I said that I would follow up the third presidential debate with another Fantasy Debate. I even planned this time to feature “Pseudo Johnson” as the sane participant. But after reading the transcript and seeing how little substance was covered, and how repetitive the limited substance was, I realized that I couldn’t subject you or me to this.
So, instead, I have decided just to make a few brief comments:
The latest polls show the turd sandwich pulling safely ahead of the giant douche. But they also contain some very good news. There appears to be a growing movement to split tickets and vote Clinton for the presidency, but also to retain a blocking majority of Republicans in Congress. Avid readers will remember these words from one of my earlier blogs:
The proper response to this Hobbesian choice [ie, Clinton versus Trump] is tactical voting: a Clinton presidency held in check by a Congress dominated by Republicans.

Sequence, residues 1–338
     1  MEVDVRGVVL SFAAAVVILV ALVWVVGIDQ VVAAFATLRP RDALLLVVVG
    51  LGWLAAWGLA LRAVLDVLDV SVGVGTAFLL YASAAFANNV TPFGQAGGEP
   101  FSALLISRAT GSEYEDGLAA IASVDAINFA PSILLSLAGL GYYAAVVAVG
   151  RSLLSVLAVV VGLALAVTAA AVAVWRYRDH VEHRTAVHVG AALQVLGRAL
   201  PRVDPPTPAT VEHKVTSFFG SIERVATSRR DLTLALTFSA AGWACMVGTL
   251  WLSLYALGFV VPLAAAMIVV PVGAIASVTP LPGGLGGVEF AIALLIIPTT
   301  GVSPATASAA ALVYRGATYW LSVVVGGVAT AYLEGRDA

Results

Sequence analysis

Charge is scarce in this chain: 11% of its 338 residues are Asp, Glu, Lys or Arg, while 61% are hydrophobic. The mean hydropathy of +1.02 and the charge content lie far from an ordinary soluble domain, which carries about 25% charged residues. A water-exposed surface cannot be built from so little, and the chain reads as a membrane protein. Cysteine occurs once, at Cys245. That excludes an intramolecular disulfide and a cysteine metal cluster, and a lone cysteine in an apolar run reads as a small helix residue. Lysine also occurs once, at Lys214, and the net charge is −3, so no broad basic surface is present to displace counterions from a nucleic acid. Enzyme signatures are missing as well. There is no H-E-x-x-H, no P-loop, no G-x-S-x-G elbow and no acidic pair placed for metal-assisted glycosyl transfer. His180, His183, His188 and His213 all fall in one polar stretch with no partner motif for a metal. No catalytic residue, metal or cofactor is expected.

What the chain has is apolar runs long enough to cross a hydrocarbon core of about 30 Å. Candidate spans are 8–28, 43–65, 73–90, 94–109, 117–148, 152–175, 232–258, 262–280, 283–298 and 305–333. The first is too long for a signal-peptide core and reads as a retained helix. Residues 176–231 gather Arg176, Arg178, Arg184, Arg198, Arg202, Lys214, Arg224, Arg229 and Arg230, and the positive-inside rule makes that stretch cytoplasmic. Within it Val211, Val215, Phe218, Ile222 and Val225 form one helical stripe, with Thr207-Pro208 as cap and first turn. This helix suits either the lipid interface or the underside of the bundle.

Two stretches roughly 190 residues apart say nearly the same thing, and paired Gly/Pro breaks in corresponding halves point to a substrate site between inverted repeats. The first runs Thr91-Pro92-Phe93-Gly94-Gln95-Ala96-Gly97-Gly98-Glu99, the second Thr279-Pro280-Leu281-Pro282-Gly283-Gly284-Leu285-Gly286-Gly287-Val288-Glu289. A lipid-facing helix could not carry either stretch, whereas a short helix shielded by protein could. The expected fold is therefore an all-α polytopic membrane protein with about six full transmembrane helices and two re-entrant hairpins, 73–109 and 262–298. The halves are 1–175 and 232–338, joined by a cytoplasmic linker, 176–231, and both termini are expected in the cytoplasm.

I think that we could count on a Republican-controlled Congress to blunt Clinton’s worst instincts for four years, after which time a number of today’s Republican candidates will have the experience necessary to make them truly viable. Conversely, a Trump candidacy could cripple the Republican Party for years. So, I would choose four more years of gridlock with a Democratic President and a Republican Congress, over Democrats as far at the eye can see with a crippled Republican Party.
If this happens, then America’s voters will deserve a lot more credit than they are usually given.
It appears that the hackings of the Democratic National Committee and the Clinton campaign were the result of a phishing email requesting a password reset. The request was sent to 108 members of the DNC and the campaign, and 20 geniuses clicked on them.
It is so comforting to know that a self-proclaimed, and self-exonerating, technophobe like Clinton will be able to draw upon such a clever group of people when forming her government. I mean, it is not like she is expected to govern in a technological era, right?